Library Resources

Library Resources

In Memory of Eva Kor

In Memory of Eva Kor

Eva Mozes Kor, a Jewish activist and educator who suffered in the Holocaust, passed away earlier this month.  She died while leading an educational field trip, only a few miles from the notorious Auschwitz concentration camp where she lost almost all of her family – dedicated to the very last to educate as many people as possible so that no one else might suffer what she did. Eva Kor visited IU East and shared her story with us recently, describing the horrors of losing her family to the Nazi regime and suffering torture masquerading as ‘medical experiments’ at the hands of Dr. Josef Mengele, since she was a twin.  Despite suffering and losing more in a single year than most … Continued
Children’s Reading

Children’s Reading

With summer reading programs at many nearby public libraries in full swing (for example, those at Morrisson Reeves, Centerville, and New Castle), parents are on the lookout for lots of quality books for their children to read.  Many local reading programs have a space exploration theme this year, and our library holds many relevant titles, in addition to any other topic of interest to a young reader. The main purpose of the IU East Library’s expansive juvenile collection is instructional – it supports education, child development, and psychology majors in learning how to teach and understand children.  But this focus, different from a public library’s emphasis on the most popular material, makes it a treasure trove of unique books that … Continued
The magic of abracadabra

The magic of abracadabra

We’ve all seen it –  a magician in a top hat waves his wand and says the magic word Abracadabra.  Poof!  A rabbit appears!  A watch is restored to perfect condition after being smashed to bits!  The woman who was sawed in two is now whole again!  Wonders are associated with this word, but what does it really mean? Abracadabra began its life as a healing spell.  It’s been traced as far back as the third century CE, when physician Quintus Serenus Sammonicus (better known as Serenus) wrote the treatise Liber Medicinalis.  This book documented, in Latin verse, numerous cures for common ailments, including the proper use of Abracadabra. The proper use of abracadabra as a healing spell. First, a … Continued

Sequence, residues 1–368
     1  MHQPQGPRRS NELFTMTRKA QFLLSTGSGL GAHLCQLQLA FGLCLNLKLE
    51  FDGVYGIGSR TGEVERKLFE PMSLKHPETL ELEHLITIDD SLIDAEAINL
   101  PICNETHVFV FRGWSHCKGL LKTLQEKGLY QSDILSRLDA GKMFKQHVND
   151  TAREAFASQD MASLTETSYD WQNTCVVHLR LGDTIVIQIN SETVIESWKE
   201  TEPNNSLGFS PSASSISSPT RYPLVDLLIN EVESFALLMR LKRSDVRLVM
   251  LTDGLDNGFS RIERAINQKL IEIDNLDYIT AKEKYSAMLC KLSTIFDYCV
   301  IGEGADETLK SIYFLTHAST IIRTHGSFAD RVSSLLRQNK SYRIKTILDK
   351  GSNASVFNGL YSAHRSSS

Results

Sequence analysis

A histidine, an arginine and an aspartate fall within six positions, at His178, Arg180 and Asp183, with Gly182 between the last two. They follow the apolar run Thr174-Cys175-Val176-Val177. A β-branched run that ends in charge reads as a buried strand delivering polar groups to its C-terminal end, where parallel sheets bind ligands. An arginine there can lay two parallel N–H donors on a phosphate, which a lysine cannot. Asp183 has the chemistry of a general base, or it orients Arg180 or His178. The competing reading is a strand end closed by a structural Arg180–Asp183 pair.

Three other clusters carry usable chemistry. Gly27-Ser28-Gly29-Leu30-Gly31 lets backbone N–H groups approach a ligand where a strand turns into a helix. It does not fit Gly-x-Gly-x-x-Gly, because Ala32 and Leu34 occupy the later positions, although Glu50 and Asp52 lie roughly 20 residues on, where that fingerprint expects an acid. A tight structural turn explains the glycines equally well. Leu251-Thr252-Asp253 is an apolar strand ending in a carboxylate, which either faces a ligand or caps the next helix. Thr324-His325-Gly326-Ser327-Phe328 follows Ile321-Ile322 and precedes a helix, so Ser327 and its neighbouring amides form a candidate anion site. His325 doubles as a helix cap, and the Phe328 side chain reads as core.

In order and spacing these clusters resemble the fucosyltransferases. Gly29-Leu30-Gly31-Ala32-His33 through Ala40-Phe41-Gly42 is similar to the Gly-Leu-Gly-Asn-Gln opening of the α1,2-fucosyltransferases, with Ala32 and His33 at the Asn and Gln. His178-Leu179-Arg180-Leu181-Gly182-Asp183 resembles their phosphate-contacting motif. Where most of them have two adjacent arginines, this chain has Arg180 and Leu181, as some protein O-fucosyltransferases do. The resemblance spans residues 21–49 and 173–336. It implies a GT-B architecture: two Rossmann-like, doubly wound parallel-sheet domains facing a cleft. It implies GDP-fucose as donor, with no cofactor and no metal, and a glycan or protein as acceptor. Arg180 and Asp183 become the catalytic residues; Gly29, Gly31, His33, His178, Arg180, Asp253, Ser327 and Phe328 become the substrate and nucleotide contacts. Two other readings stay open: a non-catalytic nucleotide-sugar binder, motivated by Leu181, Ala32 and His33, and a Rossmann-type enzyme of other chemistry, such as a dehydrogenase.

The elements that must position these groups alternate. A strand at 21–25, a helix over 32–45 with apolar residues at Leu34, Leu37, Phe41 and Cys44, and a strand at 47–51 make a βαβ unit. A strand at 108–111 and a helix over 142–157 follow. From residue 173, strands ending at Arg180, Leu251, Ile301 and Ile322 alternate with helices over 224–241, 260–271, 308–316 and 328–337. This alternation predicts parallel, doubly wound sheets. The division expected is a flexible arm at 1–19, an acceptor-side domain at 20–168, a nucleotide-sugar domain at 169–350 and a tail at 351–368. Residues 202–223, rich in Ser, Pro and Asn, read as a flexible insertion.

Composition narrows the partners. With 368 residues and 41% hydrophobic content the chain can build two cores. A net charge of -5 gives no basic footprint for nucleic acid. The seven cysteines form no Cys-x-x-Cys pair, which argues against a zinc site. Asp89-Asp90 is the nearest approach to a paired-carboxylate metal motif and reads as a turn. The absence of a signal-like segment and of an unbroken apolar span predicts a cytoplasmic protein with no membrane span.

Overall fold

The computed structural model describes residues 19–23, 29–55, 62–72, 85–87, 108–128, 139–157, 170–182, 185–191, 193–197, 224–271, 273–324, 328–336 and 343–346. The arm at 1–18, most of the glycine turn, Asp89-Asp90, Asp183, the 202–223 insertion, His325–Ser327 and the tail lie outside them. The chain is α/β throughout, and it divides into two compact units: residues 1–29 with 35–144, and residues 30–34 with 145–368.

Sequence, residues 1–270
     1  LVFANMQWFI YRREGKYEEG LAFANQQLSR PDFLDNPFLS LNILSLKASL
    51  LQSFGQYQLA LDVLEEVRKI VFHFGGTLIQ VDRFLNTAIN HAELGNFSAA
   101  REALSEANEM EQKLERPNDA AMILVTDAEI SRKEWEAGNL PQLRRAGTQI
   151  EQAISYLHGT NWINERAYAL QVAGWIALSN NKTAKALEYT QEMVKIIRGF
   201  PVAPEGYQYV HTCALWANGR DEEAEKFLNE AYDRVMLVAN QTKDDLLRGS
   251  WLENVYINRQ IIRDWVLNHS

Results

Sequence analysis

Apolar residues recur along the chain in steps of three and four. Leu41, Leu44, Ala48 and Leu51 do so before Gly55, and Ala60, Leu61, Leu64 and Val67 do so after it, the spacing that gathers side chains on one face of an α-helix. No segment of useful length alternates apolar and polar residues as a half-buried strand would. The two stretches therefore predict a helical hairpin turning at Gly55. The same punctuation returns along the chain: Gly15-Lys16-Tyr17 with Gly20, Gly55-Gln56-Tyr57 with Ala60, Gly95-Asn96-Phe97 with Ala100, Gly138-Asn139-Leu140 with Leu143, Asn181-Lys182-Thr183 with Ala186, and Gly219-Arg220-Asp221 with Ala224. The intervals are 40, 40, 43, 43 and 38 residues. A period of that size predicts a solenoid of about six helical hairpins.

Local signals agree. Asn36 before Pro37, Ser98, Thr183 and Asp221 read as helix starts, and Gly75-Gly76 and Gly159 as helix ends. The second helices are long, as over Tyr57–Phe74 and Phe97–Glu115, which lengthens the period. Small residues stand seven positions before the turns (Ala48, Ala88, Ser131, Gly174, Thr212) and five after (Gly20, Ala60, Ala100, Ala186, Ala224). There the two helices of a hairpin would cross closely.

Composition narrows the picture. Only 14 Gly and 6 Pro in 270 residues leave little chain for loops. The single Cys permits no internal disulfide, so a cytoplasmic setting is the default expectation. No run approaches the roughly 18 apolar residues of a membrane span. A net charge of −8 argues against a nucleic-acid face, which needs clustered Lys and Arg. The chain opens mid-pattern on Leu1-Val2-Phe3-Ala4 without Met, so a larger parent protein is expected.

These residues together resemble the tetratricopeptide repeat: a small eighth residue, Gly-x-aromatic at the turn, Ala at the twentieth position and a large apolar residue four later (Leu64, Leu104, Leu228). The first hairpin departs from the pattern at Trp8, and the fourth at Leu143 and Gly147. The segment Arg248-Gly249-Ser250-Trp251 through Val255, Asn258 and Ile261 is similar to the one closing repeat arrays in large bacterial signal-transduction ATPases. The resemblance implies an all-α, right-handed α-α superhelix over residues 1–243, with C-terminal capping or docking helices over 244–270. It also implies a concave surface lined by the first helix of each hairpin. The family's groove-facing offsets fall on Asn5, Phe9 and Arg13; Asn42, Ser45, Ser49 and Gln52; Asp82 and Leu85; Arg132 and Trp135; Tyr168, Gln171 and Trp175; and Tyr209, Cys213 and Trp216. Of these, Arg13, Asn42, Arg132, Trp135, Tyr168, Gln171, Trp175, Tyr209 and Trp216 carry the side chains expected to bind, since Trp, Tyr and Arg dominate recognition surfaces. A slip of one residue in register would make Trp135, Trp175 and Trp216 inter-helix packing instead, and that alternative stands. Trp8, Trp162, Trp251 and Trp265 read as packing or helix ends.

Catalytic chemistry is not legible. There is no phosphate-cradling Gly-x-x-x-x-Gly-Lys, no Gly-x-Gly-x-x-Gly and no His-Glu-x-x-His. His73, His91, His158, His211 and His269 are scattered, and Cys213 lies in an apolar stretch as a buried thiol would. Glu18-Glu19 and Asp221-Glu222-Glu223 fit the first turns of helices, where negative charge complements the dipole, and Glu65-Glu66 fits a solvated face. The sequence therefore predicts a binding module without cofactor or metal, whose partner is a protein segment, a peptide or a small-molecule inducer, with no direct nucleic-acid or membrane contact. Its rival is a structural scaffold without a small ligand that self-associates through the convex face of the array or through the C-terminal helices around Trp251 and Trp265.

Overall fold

The Persistence of Memory

The Persistence of Memory

“Do you want to take a picture?” “Oh, I’m sure we’ll remember it.” Have you ever heard an exchange like that?  We have a tendency to take memory for granted; to assume that what we want of our past will be accessible later on.  That is true whether the memories are personal – the first words of a new baby, perhaps – or societal, such as memory of a major cultural shift or shared triumph or tragedy.  Memories (whether personal or recounted for us in books, museums, and memorials) preserve learning and heritage and culture.  Lives are defined by it.  Even blockbuster popular entertainment like the television show Game of Thrones have recently paused the action long enough to contemplate … Continued
Archives Update: New Projects, New Faces

Archives Update: New Projects, New Faces

To celebrate the IU Bicentennial we wanted to share some exciting updates about both on-going and new IU East Archives projects! Media Collections Online First, all the audio-visual material that was housed in the archives and sent to Bloomington for the Media Digitization and Preservation Initiative (MDPI Project) are now back and they have been digitized. We are working on moving them into IU’s Media Collection Online (MCO), which is the campus wide platform for all of IU’s digitized AV material. We are building collections and pushing them from Dark Avalon, which is a read-only, restricted access site to MCO. If you know we have something in the archives, such as a Starr Gennett recording or an oral history interview … Continued